Last week I argued (here) that the city’s use of the rolling twelve month total was not really about accuracy as much as stability. Essentially the two concepts are conflated in the presentation. I still fail to see the virtues of knowing the total sales over the last twelve months, and how it better informs policy decisions. I present the following graphs to demonstrate my points about stability. Here is the monthly collection amount (recall there is approximately a two month lag between sales tax collections and the reported amount).
The March 2018 release came out and did not provide a ton of good news. The new data represents events of January 2018 and therefore pushes us through the entire holiday season. The March 2018 data was down 4.79% from the March 2017. The first quarter of 2018 declined 6.02% from the first quarter of 2017. The city likes to report a rolling 12 month total. For those that do not know, this means they look at the total for the last twelve months and as a new month is added they drop the oldest month. The city suggests this is more accurate, though I am not clear what the term accuracy implies here. The rolling 12-month total generally crosses multiple fiscal years so it is not really reflective of a specific budget year which would be something like calendar year accumulations. The other issue is this measure is down 19 of the last 20 months.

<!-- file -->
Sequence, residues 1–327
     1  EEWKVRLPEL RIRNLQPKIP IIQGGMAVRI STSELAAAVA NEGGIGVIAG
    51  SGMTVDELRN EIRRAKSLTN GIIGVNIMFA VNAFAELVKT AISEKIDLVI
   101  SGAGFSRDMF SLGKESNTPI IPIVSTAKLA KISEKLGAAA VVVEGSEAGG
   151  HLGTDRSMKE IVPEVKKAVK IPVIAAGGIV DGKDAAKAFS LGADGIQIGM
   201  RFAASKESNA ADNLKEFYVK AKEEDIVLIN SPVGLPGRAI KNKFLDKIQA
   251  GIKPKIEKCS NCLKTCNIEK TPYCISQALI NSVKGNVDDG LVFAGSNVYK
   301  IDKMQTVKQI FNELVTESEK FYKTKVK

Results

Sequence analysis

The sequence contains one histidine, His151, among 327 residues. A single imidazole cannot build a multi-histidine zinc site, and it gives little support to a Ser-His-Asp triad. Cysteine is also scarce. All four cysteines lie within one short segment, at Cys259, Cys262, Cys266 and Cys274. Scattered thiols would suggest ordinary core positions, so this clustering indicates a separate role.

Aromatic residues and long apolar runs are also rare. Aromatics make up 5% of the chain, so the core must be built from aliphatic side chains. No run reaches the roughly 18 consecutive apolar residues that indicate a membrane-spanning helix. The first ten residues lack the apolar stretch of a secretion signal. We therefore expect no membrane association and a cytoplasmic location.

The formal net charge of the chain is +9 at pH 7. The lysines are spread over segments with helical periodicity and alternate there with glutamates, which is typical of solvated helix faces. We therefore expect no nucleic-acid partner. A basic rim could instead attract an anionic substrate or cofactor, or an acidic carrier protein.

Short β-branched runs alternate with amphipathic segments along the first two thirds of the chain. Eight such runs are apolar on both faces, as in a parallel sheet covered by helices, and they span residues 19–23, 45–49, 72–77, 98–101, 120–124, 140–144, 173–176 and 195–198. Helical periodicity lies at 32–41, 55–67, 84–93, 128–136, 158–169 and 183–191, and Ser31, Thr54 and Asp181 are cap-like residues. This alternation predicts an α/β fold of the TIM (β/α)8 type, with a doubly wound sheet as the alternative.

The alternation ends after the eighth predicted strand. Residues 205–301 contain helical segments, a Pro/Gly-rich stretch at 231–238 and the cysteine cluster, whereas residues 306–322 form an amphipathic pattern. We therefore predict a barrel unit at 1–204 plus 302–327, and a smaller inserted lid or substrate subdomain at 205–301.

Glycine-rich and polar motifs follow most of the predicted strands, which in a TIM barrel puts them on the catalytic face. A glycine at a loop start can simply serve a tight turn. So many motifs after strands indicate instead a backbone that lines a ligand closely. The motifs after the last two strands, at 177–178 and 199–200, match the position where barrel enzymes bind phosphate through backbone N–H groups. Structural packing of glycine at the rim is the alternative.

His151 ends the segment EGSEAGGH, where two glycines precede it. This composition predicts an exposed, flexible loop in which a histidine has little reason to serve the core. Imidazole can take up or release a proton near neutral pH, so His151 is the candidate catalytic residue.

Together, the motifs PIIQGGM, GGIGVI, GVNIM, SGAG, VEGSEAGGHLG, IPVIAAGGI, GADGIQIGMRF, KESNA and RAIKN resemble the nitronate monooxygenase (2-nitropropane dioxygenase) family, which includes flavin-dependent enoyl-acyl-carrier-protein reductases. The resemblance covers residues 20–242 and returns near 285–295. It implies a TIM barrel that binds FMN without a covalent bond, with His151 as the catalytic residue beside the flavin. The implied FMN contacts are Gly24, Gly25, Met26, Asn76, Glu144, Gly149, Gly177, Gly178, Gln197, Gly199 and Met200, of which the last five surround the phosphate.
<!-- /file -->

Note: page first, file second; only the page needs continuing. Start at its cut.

Grand Forks released retail sales tax collections which are for the month of December 2017. There are various different ways to look at the number. It is a .31% increase over December of 2016. An increase is an increase I suppose, though it should be cause for concern if the general optimism permeating the economy surrounding the tax cut happened to miss Grand Forks. The January and February releases for this year, which represent sales tax collected in November and December of 2017, are around 6.5% less than this time last year. It is also the case that 17 of the last 38 months have been lower than year ago values for sales tax collections.
Sales tax data is a continuing theme for me these days and so I thought we could look at any seasonal patterns in the data. I am going to hold off on the formal statistical tests for right now and we will go with the graphical approach. If there is seasonality in the data the graph should show common movements in the lines for different years. For example, if June is always a slow month for retail sales the collections should drop for most June observations compared to the May observations. I generate this for 2001 to 2017.
A closer look at recent sales tax data seems a logical follow-up to the long run view from last time. There are two things to note from this graph: 1) the negative trend is still clearly evident, and 2) the reduction in volatility from the twelve month rolling is clear.